H6: Behavioral intention is positively related to m-learning improved quality


4.1Research Instrument

The survey research method was adopted for this work. The study employs a questionnaire method to collect data. The questionnaire has two sections; the first section captures respondents’ demographic profile, capability and type of mobile device possessed, and respondent’s mobile learning readiness (nine cogent questions). The second section explores the variables to be studied for acceptance of mobile learning to improve quality, namely: Perceived compatibility (iii), perceived relative advantage (iv), complexity/ease of use (iv), Perceived competence (iii), security risk (iii), attitude (iv), perceived integrity (iii). Others in the section seek to identify respondents’ attitude to m-learning to improve quality of education examining reliability, responsiveness, availability, competence, m-learning usage, content portfolio, ergonomics, social influence and others (three questions each). There are 51 questions altogether.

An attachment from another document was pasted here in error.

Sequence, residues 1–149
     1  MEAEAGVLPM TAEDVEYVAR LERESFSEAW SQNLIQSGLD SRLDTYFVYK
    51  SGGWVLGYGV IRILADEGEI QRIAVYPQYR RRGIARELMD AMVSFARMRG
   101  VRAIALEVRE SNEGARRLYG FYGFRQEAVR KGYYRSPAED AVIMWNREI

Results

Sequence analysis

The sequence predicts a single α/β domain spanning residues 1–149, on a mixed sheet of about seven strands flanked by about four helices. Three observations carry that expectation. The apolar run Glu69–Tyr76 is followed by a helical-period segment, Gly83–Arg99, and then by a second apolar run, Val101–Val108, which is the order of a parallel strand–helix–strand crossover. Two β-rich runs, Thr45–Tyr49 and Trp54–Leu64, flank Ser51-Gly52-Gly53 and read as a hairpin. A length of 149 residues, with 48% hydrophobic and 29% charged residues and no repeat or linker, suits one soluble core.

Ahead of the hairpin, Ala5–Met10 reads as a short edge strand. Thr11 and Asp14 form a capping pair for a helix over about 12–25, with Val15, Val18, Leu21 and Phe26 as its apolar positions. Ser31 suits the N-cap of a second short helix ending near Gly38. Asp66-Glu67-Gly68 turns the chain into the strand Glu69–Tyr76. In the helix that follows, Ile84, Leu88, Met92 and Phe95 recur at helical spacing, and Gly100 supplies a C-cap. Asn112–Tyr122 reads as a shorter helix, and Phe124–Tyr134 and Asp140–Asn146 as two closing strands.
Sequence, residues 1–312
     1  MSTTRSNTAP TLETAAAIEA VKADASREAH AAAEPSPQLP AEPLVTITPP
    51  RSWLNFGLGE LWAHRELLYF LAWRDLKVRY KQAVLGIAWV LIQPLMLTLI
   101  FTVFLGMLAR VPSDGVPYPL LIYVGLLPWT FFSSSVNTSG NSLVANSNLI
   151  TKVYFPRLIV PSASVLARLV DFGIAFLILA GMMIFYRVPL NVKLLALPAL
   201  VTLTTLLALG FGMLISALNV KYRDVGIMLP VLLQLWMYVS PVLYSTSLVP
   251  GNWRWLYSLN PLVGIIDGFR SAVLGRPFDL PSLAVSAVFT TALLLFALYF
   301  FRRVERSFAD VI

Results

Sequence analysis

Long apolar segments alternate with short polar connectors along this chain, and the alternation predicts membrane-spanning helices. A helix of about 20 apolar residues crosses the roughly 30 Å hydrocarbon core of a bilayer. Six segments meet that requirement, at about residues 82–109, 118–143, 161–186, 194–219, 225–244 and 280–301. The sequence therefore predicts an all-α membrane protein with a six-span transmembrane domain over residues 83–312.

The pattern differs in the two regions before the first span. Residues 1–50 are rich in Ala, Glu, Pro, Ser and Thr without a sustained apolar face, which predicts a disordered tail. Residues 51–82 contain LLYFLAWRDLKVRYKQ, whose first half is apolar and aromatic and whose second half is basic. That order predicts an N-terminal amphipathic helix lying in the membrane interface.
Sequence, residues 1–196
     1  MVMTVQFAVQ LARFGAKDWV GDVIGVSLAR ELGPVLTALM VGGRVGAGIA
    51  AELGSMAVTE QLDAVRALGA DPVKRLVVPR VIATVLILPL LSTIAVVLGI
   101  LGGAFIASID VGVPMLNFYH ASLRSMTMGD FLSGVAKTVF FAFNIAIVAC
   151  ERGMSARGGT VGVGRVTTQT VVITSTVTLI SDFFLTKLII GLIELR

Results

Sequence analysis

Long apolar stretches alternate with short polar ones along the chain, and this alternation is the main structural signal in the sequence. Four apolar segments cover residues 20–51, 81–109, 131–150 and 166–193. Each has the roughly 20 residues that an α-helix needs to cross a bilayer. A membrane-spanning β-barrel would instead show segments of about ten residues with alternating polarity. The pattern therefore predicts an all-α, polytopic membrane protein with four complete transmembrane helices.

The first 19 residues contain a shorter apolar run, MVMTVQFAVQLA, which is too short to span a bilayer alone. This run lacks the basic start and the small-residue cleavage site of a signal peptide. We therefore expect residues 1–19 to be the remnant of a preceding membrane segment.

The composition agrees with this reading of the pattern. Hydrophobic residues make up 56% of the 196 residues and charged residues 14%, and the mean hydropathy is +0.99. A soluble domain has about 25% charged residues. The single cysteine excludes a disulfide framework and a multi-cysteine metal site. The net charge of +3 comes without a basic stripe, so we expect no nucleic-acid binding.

All model constructs requested participants to indicate their perceptions on five-point Likert-style responses ranging from 1(strongly disagree), through 3(undecided) to 5 (strongly agree). The questionnaires were randomly distributed within the research population: Lagos and Ogun states of Nigeria, the former being densely populated with numerous active people and the latter hosting many higher institutions than any other state in Nigeria. 400 questionnaires were randomly distributed, 362 were received and 33 incomplete. The remaining 329 valid questionnaires were used for the quantitative analysis, representing 82.2% response rate. The data collected was analyzed using the SPSS 16.0.

4.2Data Analysis and Presentation